I always believed there was one of those ages old perceptions vs. reality question when it came to the late Mafia Don, John Gotti and his reign as the head of the Gambino crime family. Long time crime reporter and bestselling author George Anastasia offer’s up some family insider insights that seem to point out the so-called “Dapper Don” wasn’t so much a “made man’ as much as he was a media made man.In Gotti’s Rules: the Story of John Alite, Junior Gotti and the Demise of the American Mafia, Anastasia utilizes stacks of FBI files and insights from John Alite, sometimes described as an infamous Mafia hit man and at other times as a mob turncoat; to lay out his case that the senior Gotti was not all that the media portrayed and his son “Junior” Gotti was nothing but a small time punk and wanna be gangster.
Anastasia offers a series of Gotti’s Rules, throughout the book which sound very hard and fast until you realize that the applied to everyone but the Don himself. At times they read like they could form a criminal business leadership book; sort of like How to Break Legs and Unduly Influence People. My favorite has to be the so-called unwritten mob rule about not selling drugs, while Gotti and those around him including his own brother Frank benefitted mightily from the sales of street drugs.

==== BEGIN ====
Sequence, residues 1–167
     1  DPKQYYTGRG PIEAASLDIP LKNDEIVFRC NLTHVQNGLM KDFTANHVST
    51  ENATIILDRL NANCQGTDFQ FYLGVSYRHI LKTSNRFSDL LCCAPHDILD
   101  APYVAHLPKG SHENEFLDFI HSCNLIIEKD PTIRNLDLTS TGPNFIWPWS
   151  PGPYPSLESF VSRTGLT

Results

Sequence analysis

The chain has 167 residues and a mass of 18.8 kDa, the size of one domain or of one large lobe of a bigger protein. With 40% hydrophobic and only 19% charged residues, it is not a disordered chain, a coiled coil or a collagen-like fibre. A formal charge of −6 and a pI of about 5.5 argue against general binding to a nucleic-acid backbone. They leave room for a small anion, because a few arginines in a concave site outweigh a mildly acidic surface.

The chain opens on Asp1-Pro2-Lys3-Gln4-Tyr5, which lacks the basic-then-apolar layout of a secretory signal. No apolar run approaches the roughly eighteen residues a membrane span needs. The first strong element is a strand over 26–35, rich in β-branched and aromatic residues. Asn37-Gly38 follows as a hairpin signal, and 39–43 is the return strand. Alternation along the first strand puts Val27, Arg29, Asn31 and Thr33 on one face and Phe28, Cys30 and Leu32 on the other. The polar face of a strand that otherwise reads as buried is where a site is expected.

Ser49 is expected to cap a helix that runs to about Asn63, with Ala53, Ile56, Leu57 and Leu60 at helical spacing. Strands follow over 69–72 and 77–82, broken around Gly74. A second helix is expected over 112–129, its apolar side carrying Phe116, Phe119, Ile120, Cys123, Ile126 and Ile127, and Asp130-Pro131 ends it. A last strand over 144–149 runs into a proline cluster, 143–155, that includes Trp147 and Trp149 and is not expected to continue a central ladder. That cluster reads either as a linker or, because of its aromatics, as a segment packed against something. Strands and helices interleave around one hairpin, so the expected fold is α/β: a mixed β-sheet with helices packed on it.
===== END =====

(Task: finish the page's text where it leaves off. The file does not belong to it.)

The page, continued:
Alite certainly is no angel, but he does spill the beans on his own troubling life choices and the circumstances that place him in the crosshairs of multiple criminal investigations that led him to a life behind bars or on the lam. Some of Alite’s tales stretch credulity and I get the sense that in reality he much more of a light weight then he would lead you to believe.
I do find Anastasia/Alite’s portrayal of Junior as that “tough guy” type who picks a fight then bails and let’s somebody else battle it out highly believable. If he wasn’t his father’s son, he certainly would have never made it on to the organizational chart.
While it may not rank as Anastasia’s best work, I found it to be a highly entertaining, quick read.